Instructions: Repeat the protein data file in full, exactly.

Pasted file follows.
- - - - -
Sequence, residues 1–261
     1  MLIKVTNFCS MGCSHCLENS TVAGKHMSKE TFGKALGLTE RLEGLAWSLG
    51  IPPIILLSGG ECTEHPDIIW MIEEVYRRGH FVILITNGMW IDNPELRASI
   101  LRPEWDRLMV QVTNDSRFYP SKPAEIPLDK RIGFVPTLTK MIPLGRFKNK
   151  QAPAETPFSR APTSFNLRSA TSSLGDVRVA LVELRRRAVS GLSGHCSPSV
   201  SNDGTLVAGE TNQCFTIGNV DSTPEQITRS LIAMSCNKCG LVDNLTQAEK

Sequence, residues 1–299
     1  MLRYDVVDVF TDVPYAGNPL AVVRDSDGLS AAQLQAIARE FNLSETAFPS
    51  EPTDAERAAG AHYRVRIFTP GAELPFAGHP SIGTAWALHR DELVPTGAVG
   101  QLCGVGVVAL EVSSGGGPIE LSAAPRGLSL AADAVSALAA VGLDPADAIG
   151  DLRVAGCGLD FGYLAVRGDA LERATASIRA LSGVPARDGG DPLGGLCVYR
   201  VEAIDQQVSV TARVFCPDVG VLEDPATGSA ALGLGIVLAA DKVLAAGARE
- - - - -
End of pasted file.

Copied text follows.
Sequence, residues 1–261
     1  MLIKVTNFCS MGCSHCLENS TVAGKHMSKE TFGKALGLTE RLEGLAWSLG
    51  IPPIILLSGG ECTEHPDIIW MIEEVYRRGH FVILITNGMW IDNPELRASI
   101  LRPEWDRLMV QVTNDSRFYP SKPAEIPLDK RIGFVPTLTK MIPLGRFKNK
   151  QAPAETPFSR APTSFNLRSA TSSLGDVRVA LVELRRRAVS GLSGHCSPSV
   201  SNDGTLVAGE TNQCFTIGNV DSTPEQITRS LIAMSCNKCG LVDNLTQAEK

Sequence, residues 1–299
     1  MLRYDVVDVF TDVPYAGNPL AVVRDSDGLS AAQLQAIARE FNLSETAFPS
    51  EPTDAERAAG AHYRVRIFTP GAELPFAGHP SIGTAWALHR DELVPTGAVG
   101  QLCGVGVVAL EVSSGGGPIE LSAAPRGLSL AADAVSALAA VGLDPADAIG
   151  DLRVAGCGLD FGYLAVRGDA LERATASIRA LSGVPARDGG DPLGGLCVYR
   201  VEAIDQQVSV TARVFCPDVG VLEDPATGSA ALGLGIVLAA DKVLAAGARE